4 AUGUST 1961, Page 10

Five Men

It is necessary, therefore, to take a searching look at the cast assembled for this deplorable performance.

The five men chiefly involved were Frank Haxell, the General Secretary at the material time and found by the Court to have been party to fraudulently procuring his own re-election; Robert MacLennan, the Acting Assistant General Secretary; Frank Foulkes, the General President (in his judgment Mr. Justice Winn remarked that the form in which Frank Foulkes replied to a certain question 'saved him technically from committing perjury).' The Judge found that the fourth man, John Frazer, had uttered 'puerile mendacities' while giving evidence. As for the last of the five, described on the writ as 'J. Hum- phrey (male),' the Judge said that though 'he was incapable of embarking upon or conducting any fraudulent practice on his own he was a willing tool of Frank Haxell.'

Perhaps more important than the Judge's find- ings about the five found to have conspired were his remarks about those other officers who were Communists, against whom there was, he found, not sufficient evidence to implicate them in the conspiracy. It may well be thought that the five found implicated will have learned their lesson, and even if, as subsequent events have shown, they have not, at least the membership of the Union will keep a sharp look-out in the future.

So it matters more to consider the Judge's assessment of those who were not directly impli- cated. Of two members of the Executive Council the Judge had this to say : The cases of the defendants Goldberg and Hendy have caused me particular trouble, because each of them has such intelligence and so much experience of Union affairs that it is contrary to the balance of prob- ability that he was ignorant of the rigging. Had that been the proper test I would have found each of them guilty; each gave materially untrue evidence to the court, and Goldberg 1 regard as a not very scrupulous henchman of Haxell.'

Mr. Justice Winn had a particularly interesting analysis of the conduct of John Hendy—the member who produced the draft set of resolutions to shear John Byrne of his powers by putting them 'into commission,' which were passed by an eight to three majority on July 2, 1961. Hendy is known in the Union as 'Honest John'; he has a fine scholastic record, and he is an extremely able man. This is what the Judge said about him : 'He is a man inspired, if not posses- sed, by a fervent faith that the Communist creed is the Ultimate Truth, an appeal to which will afford an answer logically solving any problem of behaviour or choice of action. I judged him to be a man of intellectual honesty as well as intel- lectual power, personally honourable to the ex- tent that he would not adopt any course of conduct which seemed to him to be unjust to an individual unless that the demands of loyalty to the Communist tenets or consideration of advan- tage to the Communist Party left him no choice. In his mind, as I judge his personality, no loyalty to the ETU or to any other body or indivi- dual could be allowed any influence adverse to unswerving duty to the Communist Party and its ideals.'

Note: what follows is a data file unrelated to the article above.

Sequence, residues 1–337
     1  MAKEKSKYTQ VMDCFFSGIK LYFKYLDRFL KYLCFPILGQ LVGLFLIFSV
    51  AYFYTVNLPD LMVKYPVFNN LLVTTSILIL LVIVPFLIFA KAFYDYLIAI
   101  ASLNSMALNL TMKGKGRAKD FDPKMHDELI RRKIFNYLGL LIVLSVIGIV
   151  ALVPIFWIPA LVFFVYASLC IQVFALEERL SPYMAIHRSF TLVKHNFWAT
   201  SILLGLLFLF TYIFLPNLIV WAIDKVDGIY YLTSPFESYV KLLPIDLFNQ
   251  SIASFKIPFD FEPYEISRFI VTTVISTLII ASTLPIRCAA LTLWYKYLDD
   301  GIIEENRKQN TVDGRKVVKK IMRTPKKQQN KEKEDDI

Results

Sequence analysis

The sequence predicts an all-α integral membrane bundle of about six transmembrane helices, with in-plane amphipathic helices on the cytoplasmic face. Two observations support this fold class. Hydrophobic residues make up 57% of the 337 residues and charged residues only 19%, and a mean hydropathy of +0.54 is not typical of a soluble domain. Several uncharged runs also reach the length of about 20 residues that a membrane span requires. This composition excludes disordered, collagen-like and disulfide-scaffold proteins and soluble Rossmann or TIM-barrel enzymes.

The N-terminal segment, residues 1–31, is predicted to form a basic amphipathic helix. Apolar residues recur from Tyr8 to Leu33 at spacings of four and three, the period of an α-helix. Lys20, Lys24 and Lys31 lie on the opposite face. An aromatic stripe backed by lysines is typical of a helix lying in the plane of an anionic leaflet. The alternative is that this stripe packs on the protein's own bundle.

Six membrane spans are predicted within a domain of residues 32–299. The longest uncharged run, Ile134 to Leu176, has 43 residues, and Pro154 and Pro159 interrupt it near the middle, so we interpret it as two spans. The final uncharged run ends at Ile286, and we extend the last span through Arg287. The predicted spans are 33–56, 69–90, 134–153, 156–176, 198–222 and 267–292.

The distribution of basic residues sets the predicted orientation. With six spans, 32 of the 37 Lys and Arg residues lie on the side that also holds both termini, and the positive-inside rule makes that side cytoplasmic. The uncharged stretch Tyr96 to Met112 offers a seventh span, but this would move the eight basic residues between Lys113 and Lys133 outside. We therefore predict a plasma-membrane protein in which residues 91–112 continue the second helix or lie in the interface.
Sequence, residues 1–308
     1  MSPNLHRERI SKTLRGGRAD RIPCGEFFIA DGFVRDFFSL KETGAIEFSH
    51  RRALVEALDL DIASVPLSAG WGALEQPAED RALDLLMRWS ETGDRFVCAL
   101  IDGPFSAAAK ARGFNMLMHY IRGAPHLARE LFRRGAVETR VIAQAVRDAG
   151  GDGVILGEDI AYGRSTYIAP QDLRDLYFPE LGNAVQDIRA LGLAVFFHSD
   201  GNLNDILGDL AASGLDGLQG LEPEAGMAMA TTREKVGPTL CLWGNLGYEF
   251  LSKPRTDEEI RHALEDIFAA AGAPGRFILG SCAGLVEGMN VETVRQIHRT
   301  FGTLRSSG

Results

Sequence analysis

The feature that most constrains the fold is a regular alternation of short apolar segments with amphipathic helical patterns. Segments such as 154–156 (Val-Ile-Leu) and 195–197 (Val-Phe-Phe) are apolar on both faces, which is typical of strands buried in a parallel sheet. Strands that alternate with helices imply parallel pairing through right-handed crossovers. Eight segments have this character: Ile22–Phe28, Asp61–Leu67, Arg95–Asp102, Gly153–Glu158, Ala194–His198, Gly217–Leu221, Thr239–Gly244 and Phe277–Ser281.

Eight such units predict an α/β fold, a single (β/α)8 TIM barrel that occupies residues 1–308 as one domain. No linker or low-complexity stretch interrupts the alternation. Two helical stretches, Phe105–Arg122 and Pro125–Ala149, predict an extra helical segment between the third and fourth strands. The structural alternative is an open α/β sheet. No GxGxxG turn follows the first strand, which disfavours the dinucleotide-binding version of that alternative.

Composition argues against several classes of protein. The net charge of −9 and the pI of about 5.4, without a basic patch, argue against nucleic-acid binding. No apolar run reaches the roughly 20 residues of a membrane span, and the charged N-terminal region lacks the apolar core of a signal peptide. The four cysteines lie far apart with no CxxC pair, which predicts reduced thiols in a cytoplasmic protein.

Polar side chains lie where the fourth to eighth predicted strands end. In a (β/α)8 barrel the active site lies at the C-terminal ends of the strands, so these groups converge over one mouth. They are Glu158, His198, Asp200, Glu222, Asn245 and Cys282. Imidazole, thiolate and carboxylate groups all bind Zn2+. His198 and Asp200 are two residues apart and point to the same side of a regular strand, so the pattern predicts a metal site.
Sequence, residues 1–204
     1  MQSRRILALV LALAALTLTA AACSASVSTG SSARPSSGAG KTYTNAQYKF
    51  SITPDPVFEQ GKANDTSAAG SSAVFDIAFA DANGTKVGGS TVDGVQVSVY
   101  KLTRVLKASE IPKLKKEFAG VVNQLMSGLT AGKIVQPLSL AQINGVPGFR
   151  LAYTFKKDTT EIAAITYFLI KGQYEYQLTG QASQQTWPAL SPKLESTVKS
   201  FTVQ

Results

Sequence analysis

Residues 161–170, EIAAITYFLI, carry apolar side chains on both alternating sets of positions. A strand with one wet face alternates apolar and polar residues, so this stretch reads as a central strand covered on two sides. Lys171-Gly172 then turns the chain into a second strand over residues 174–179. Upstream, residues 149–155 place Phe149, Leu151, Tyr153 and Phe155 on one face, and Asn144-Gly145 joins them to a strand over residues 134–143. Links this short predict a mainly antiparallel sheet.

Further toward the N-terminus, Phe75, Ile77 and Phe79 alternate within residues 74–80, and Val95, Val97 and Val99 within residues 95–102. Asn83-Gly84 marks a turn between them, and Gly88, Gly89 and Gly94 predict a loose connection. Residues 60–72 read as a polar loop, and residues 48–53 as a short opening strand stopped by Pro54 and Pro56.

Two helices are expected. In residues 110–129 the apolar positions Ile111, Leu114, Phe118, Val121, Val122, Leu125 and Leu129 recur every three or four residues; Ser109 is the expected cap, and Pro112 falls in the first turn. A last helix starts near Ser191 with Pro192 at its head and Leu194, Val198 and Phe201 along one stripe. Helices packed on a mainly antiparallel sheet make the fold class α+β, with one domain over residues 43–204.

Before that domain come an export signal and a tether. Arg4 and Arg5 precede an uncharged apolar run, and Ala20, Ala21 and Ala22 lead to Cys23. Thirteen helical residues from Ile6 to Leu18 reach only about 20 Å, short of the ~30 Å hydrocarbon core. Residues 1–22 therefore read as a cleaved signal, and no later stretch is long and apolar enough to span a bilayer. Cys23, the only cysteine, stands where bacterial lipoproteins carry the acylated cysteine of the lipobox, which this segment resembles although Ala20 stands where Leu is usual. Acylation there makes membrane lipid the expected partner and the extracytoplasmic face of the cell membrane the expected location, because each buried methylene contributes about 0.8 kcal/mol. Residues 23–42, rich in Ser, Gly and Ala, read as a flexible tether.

These judicial words should be carefully studied, not only among members of the ETU, who will soon be called upon to vote for or against John Hendy as an Executive Councillor, but by trade unionists the world over. Their significance is twofold. First, they were applied to a man who is an open and avowed Communist, able and idealistic. Others who present them- selves as candidates for election with Communist support are not necessarily so open, so able or so unselfish. Second, as Mr. Justice Winn was at pains to point out, the Communist Party in Britain is not, as in some countries, illegal. On the contrary, in Britain the Communist Party has the same democratic rights before the electors and before the courts as any other voluntary association. There is no judicial bias against the Communist Party or Communists. So, when a Judge of Mr. Justice Winn's experience and im- partiality assesses the motivation and conduct of a Communist trade unionist in terms such as those quoted, they are as near to a last judgment as is to be found on this side of the grave. The rank-and-file of the Union has had laid bare before it the way its Union leaders operate. It may be that ETU members still would prefer to re-elect the same committee members as the most efficient to conduct their industrial affairs. But it will want to do so in the knowledge that the election for a new Executive Council next month is conducted without any suspicion of 'rigging. Whether the disclosures at the trial and the undertakings given about the conduct of the Sep- tember elections are enough to ensure a free election depends in the last resort, not on judges, lawyers, politicians, leader-writers or journalists, but on the sound common sense of the British trade unionist.

g 1961. International Law Reports.